The Financial Services Tribunal, the Ombud Council and Pension Funds Adjudicator – who does what?

by Naheem Essop | 28,May,2024 | Industry Updates, IRFA, Q2 2024

Herman van Papendorp

The Office of the Pension Funds Adjudicator (OPFA) is inter alia subject to the functions of both the Financial Services Tribunal (FST) and the Ombud Council. These bodies have been established with the adoption of the twin peaks model of regulation in South Africa and in terms of the Financial Sector Regulation Act, 2017 (FSR Act). The FST is clothed with powers to consider reconsideration applications in respect of decisions taken by the Adjudicator in relation to complaints lodged with the Adjudicator for determination, whilst the Ombud Council acts as a regulator of ombud schemes, including the OPFA.

The Financial Services Tribunal
The FST is the successor of the old FSB Appeal Board which dealt with decisions made by the then Financial Services Board. The FSB Appeal Board did not have jurisdiction over Adjudicator decisions. Adjudicator decisions, at the time, were subject to applications in terms of section 30P of the Pension Funds Act, 1956 (PF Act). 

Section 30P, which still exists, allows a person aggrieved by a determination of the Adjudicator to apply to the High Court for relief, within six weeks of the determination. As High Court litigation is normally associated with high costs that would ordinarily be unaffordable for a pension fund member, this placed them at a severe disadvantage facing opponents with typically deeper pockets.

Giving effect to section 34 of the Constitution of the Republic of South Africa, 1996 which promises that everyone has the right to have any dispute that can be resolved by the application of law decided in a fair public hearing before a court or, where appropriate, another independent and impartial tribunal, the FSR Act established the FST in Chapter 15. It brought within the ambit of the FST a decision taken by a statutory ombud, such as the OPFA, in relation to a specific complaint by a person and included statutory ombuds in the definition of “decision-maker”.

This means that a person aggrieved by a determination of the Adjudicator is no longer limited to recourse in the High Court but may apply to the FST for a reconsideration. The process is free, relatively simple and highly efficient. The term “person aggrieved” required some clarification because it is not just anybody who can apply for a reconsideration, the person aggrieved must be “…someone against whom a decision has been pronounced which wrongfully deprived that person of something, or wrongfully affected his/her title to something…” (South African Local Authorities Pension Fund v Registrar of Pension Funds [2017] 1 BPLR (FSAB)).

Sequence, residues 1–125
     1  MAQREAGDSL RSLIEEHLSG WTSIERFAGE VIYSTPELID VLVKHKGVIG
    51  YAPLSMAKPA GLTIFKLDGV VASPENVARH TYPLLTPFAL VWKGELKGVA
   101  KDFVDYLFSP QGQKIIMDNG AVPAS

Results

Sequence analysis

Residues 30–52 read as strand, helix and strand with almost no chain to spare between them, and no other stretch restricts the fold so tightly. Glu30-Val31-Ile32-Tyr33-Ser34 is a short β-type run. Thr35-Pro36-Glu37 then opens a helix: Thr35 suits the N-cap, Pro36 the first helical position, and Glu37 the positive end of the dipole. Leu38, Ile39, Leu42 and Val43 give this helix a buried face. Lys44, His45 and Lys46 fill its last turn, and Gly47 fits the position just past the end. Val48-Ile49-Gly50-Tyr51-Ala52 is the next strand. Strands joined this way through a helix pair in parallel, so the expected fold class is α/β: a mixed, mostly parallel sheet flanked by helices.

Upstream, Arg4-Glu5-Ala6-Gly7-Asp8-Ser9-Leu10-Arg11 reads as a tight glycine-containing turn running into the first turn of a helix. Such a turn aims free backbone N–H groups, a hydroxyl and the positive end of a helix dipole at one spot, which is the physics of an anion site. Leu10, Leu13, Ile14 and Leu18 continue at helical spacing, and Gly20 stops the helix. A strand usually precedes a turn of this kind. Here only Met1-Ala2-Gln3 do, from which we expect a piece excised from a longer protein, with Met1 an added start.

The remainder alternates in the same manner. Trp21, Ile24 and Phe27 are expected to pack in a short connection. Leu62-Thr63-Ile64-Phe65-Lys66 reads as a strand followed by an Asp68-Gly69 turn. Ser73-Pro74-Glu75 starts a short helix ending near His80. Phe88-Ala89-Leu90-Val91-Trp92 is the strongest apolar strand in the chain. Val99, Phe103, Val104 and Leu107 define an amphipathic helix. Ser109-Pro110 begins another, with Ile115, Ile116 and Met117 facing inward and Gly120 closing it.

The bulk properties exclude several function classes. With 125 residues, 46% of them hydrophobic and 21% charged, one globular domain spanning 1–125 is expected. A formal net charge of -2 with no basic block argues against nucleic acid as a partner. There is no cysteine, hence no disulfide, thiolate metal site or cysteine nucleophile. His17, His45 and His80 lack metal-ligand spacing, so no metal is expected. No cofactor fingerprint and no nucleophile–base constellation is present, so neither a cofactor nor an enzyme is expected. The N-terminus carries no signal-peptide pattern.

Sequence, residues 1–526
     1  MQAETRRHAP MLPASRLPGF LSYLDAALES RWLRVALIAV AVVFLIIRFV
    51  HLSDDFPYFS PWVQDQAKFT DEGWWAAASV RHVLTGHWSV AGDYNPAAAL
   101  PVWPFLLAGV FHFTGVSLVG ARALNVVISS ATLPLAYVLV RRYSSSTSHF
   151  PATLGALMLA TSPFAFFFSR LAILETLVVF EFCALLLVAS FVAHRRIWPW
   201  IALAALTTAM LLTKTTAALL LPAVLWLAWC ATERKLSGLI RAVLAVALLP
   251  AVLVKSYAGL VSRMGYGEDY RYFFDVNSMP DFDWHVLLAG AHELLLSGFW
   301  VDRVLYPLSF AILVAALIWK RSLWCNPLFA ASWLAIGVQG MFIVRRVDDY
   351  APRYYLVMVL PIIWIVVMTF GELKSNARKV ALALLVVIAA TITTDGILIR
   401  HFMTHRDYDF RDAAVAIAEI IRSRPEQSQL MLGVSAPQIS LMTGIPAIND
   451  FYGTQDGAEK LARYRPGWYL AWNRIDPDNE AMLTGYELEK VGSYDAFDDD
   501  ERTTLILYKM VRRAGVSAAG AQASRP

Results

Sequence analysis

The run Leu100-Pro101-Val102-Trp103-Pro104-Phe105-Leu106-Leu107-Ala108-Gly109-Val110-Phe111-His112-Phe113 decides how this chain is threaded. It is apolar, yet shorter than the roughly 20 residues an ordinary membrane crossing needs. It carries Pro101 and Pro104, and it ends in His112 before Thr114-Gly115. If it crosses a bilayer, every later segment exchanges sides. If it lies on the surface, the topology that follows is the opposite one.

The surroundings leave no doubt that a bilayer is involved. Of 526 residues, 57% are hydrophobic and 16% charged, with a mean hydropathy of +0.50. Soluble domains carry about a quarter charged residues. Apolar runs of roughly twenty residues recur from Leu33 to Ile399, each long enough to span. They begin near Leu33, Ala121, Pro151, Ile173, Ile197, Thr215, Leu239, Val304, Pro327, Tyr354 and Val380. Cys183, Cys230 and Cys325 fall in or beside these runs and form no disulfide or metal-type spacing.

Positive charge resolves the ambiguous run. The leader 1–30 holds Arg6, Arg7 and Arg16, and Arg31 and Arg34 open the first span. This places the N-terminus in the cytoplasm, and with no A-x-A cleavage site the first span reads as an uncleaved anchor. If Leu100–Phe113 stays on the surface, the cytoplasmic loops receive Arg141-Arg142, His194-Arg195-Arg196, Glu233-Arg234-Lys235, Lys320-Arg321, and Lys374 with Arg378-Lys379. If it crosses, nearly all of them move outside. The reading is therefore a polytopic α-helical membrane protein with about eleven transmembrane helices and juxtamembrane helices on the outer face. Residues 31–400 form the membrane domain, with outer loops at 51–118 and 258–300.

It has been held by the FST, in certain instances, that a pension fund does not qualify as a person aggrieved relating to death benefit disputes (see Momentum Retirement Annuity v LH Botha and Others, PFA47/2021) and withholding of benefits pursuant to section 37D of the PF Act (see Fundsatwork Umbrella Pension Fund v EE Ngobeni and Another, PFA64/2020). It should be noted that this does not mean that in every instance of a death benefit dispute or withholding of a benefit, the pension fund is not an aggrieved person. If, for example, a pension fund has already paid out the benefit it could still be considered as a person aggrieved (see Momentum Retirement Annuity and Another v K Haitas and Another, PFA22/2023).

Panels of the FST consist of retired judges or persons who have the relevant experience in or expert knowledge of law or financial products, financial services, financial instruments, market infrastructures or the financial system. Reconsideration applications are governed by the FST rules and are required, by the FSR Act, to be conducted with as little formality and technicality, and as expeditiously as the requirements of financial sector laws and a proper consideration of the matter permits.

A reconsideration application constitutes an internal remedy as contemplated in section 7(2) of the Promotion of Administrative Justice Act, 2000 (PAJA) and must therefore first be exhausted, unless exceptional circumstances exist, before a court can be approached to review a decision of the Adjudicator. It should be noted that this does not remove a person’s right to directly approach a court in terms of section 30P of the PF Act for other relief. The two types of recourses exist side by side.

The FST is limited in the types of orders that it may make in respect of OPFA reconsideration applications. If an applicant is successful at the FST, the FST may set aside the decision and remit it for reconsideration to the Adjudicator. It may not, on the current wording of the FSR Act, substitute the decision of the Adjudicator with that of its own (see Vivian Cohen v The Pension Funds Adjudicator and Others, PFA1/2018). A person dissatisfied by a decision of the FST may apply to court for a judicial review of the FST order in terms of PAJA or any applicable law.